Abstraction in Java

About the author

Hugh is a Senior Software Engineer and Certified Scrum Master based in Galway, Ireland. He achieved his B.Sc. in Applied Computing from Waterford Institute of Technology in 2002 and has been working in industry since then.

He has worked for several large blue chip software companies listed on both the NASDAQ and NYSE.

In software engineering and programming language theory, the abstraction principle (or the principle of abstraction) is a basic dictum that aims to reduce duplication of information in a program (usually with emphasis on code duplication) whenever practical by making use of abstractions provided by the programming language or software libraries. The principle is sometimes stated as a recommendation to the programmer, but sometimes stated as requirement of the programming language, assuming it is self-understood why abstractions are desirable to use. The origins of the principle are uncertain; it has been reinvented a number of times, sometimes under a different name, with slight variations.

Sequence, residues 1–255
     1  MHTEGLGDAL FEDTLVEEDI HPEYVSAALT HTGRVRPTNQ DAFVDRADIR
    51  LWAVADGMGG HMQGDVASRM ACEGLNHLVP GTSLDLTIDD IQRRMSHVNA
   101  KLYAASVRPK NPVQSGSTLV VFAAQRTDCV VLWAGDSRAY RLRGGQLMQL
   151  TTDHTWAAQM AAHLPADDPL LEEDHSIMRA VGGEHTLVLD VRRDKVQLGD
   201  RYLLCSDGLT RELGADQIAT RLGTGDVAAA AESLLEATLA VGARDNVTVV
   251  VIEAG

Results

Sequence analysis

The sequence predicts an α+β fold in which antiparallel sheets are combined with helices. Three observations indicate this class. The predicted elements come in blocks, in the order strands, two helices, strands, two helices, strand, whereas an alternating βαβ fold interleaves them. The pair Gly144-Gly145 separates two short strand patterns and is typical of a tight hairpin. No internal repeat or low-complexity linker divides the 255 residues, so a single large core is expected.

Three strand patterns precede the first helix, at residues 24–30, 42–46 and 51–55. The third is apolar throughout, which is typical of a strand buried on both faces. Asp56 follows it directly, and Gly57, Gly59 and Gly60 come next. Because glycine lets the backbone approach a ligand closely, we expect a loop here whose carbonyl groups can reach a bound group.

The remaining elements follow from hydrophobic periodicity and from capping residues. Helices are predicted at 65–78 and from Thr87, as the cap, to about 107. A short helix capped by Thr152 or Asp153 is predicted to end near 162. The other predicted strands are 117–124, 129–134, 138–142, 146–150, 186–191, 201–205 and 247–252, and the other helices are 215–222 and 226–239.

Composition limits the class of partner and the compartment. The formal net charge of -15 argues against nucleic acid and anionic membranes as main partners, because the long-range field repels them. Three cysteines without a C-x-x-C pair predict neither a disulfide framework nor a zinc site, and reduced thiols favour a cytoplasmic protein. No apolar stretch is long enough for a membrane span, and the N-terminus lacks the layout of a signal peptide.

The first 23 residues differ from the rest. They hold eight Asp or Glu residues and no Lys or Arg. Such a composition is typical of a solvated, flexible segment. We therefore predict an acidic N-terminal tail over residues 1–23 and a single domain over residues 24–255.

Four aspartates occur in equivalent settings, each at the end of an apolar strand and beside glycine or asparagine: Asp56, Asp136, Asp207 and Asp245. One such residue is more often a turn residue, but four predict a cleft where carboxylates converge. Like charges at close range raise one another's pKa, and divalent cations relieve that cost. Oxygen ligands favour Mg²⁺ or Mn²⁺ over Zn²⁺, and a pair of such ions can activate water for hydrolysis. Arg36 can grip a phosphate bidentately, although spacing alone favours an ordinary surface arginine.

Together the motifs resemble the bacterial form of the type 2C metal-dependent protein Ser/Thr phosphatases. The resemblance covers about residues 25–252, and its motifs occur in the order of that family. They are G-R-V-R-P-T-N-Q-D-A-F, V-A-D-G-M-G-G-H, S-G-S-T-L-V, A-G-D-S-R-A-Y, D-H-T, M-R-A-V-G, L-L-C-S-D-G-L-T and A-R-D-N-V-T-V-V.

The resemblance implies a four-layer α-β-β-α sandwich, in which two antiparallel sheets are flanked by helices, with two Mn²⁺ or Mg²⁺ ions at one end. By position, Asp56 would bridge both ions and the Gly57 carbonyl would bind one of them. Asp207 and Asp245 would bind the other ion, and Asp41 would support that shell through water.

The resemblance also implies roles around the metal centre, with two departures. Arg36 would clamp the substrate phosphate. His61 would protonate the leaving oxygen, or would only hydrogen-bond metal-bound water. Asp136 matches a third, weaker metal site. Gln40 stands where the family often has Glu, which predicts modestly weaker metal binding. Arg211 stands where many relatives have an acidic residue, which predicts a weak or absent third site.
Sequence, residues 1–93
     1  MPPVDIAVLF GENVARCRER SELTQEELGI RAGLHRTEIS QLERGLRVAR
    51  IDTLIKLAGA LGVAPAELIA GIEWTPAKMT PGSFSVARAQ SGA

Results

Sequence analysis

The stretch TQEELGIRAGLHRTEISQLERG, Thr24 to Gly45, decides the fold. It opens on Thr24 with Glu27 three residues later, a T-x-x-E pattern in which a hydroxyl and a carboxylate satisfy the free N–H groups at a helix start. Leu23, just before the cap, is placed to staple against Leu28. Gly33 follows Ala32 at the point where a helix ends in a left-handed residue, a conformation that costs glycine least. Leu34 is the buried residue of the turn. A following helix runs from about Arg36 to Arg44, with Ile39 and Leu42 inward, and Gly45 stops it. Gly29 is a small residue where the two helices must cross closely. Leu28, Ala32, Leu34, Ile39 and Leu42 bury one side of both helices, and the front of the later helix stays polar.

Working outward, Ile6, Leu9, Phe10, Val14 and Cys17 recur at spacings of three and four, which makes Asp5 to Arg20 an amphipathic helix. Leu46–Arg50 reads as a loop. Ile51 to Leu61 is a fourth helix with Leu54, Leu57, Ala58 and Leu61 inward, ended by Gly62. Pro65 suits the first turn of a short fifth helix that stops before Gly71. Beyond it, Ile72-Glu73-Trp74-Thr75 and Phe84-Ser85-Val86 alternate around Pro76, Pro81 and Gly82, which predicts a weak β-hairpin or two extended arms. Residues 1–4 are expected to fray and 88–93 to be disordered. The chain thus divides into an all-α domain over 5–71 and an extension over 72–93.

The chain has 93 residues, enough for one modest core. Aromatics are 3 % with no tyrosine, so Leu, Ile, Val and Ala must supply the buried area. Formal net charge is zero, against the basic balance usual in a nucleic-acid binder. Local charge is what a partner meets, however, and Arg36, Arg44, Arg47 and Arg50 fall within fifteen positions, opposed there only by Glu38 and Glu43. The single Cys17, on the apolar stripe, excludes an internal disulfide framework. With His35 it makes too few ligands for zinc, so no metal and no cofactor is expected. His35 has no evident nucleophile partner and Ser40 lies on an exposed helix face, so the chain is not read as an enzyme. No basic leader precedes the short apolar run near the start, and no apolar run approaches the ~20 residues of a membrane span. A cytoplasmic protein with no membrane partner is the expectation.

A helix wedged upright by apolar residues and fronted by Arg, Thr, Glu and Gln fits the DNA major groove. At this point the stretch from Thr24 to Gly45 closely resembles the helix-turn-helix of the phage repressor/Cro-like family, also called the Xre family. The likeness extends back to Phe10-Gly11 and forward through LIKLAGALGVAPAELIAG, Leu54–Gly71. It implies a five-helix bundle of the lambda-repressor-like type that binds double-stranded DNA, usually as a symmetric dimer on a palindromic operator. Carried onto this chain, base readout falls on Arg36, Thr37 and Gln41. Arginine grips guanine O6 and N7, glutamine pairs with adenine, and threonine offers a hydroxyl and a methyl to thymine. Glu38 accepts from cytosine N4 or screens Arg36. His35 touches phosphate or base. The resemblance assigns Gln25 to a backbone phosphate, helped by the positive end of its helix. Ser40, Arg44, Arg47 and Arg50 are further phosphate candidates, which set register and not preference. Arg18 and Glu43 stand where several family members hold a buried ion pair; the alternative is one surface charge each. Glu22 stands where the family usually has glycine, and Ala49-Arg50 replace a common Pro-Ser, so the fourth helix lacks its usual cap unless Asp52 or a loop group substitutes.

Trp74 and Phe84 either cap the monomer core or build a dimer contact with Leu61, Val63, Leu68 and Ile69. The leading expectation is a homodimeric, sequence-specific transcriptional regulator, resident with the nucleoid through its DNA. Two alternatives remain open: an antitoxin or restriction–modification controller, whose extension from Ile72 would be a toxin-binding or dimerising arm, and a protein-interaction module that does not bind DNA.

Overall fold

When read as recommendation to the programmer, the abstraction principle can be generalized as the “don’t repeat yourself” principle, which recommends avoiding the duplication of information in general, and also avoiding the duplication of human effort involved in the software development process.


Abstraction in Java includes:

  1. Introduction
  2. Interfaces
  3. Abstract Classes
  4. A Worked Example – Payments System
  5. Conclusion
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